Nigerian Communications Commission (NCC) said four years ago, the foreign direct investment (FDI) and local investment profile in the telecoms sector stood at $38 billion. But today, investment in the sector has grown significantly to over $70 billion. The Commission also continues to strengthen commitment towards pursue relevant policies to encourage more investment into the industry.
Speaking at the maiden Nigerian Telecom Leadership Summit (NTLS) held in Lagos in 2019, Danbatta, had noted that “the volume of telecom investment in Nigeria is very impressive and indicative of a very fast-growing and resilient sector of the economy. But, we will continue to advocate for more investment, given that the industry is very capital intensive, with the competition for FDI becoming fiercer among different nations.” Today, the Commission estimates that about 40 million Nigerians – especially those in the rural and semi-urban areas- are yet to be reached with basic telecom infrastructure and services.
According to Danbatta, “the argument for more investments becomes more compelling, given that this industry is very capital intensive, with the competition for Foreign Direct Investments (FDls), becoming fiercer among different nations. In our consultative regulatory process, we consider shared experiences, and shared vision as the best approach to equip us with the tools to continuously reposition towards the course of effective regulation.”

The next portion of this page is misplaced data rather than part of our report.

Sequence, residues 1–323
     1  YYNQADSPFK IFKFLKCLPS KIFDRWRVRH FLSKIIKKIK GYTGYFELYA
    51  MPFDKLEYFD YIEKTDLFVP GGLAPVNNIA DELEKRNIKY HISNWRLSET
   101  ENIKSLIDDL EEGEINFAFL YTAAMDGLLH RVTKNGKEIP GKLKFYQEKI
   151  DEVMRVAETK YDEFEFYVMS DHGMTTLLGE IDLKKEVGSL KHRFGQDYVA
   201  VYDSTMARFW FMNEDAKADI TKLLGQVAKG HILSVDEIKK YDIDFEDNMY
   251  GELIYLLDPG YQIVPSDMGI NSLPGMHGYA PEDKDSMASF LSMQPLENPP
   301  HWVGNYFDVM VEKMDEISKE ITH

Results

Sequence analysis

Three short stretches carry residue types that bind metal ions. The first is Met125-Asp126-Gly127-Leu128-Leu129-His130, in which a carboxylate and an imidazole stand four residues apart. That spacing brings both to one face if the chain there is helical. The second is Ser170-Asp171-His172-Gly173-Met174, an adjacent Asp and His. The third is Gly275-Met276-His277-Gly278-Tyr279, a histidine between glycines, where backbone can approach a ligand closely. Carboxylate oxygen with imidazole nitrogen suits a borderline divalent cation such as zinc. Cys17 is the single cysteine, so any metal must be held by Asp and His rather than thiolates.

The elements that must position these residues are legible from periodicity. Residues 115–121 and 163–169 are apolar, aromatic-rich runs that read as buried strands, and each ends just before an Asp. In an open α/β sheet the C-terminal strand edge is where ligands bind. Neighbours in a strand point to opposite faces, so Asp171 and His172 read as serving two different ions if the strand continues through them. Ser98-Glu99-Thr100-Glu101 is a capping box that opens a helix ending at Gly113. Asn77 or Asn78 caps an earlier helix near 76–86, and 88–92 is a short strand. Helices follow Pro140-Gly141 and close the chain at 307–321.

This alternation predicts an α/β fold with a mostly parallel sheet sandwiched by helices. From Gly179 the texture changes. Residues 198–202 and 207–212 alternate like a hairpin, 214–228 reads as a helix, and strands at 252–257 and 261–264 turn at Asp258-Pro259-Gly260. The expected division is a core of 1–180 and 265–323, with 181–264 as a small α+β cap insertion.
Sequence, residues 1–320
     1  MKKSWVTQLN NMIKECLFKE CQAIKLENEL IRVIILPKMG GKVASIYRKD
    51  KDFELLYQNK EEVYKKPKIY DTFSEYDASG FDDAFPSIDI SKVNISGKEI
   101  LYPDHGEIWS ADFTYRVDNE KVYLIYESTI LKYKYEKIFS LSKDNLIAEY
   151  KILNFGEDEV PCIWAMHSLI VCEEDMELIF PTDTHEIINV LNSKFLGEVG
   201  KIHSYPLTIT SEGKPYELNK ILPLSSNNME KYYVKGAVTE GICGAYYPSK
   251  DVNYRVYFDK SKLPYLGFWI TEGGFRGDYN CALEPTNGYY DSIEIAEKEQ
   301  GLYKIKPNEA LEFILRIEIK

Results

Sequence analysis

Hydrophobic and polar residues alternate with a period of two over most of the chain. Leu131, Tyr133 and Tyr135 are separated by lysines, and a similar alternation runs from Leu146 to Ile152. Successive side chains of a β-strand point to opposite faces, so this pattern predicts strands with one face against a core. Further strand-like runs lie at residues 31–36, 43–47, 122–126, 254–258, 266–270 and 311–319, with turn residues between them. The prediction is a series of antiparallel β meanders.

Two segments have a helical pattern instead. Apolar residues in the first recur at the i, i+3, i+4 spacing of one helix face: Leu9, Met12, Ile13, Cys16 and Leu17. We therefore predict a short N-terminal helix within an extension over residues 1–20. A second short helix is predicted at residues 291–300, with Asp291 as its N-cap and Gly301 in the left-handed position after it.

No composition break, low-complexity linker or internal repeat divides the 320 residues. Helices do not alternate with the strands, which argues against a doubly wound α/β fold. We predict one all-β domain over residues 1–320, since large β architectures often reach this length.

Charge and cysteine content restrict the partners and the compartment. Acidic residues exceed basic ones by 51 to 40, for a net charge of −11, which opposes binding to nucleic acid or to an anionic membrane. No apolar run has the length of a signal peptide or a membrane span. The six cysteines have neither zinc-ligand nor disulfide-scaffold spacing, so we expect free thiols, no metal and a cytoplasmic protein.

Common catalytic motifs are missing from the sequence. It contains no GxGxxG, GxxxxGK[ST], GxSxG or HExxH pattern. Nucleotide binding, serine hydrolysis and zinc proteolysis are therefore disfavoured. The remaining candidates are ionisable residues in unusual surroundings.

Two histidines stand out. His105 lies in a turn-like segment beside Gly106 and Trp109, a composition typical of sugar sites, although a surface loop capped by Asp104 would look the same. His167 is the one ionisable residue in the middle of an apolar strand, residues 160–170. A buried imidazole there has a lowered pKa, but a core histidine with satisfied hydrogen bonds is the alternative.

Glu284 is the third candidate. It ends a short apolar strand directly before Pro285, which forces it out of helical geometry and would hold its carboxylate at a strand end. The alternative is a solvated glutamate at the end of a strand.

He stated further that, as the 4th Industrial Revolution blurs the lines between the physical, biological and digital boundaries, the industry will continue to witness challenges of investments to match growth and technology evolution dynamics. In this age, broadband is of critical importance with its potential to improve the economy of many nations. “We may all be aware of the empirical study by the World Bank, which suggests that for every 10 per cent growth in Broadband penetration results in 1.34 per cent in Gross Domestic Product (GDP) in developing countries. This is one of the reasons why we have developed the regulatory and licensing framework to accelerate broadband availability, accessibility and affordability,” Danbatta stated at the NTLS in Lagos.
In the last four years, the Commission had succeeded restructuring value–added services (VAS) segment of the telecommunications sector through the development of VAS Aggregator Framework – a move that has helped to sanitise the industry. Today, the telecoms VAS segment, currently estimated at $200 million, is said to now have the potential to be worth over $500 million in the next few years.
Consequently, the Commission’s Board Resolution at its 88th sitting held on Thursday 27th September, 2018 considered and approved the recommendation for the grant of VAS –Aggregator Licence to nine companies. An additional licence has been added, bringing the number of licensed VAS Aggregators in the telecoms sector to 10. The licensed companies are: I-Cell Multimedia Limited, Nina-Jojer Limited, 21st Century Technologies Limited, Nitroswitch Limited, HML Consulting Limited, Iykejordan Limited, Cognys Systems Limited, Perpetual Communications Limited, Mobile Intelligence Limited and Aerandir Technologies Nigeria Limited.
Apart from boosting activities in the VAS segment of the telecoms space in Nigeria, the VAS aggregator licensees will improve innovation, local content, employment opportunities, and increase in income stream to both network operators and content developers.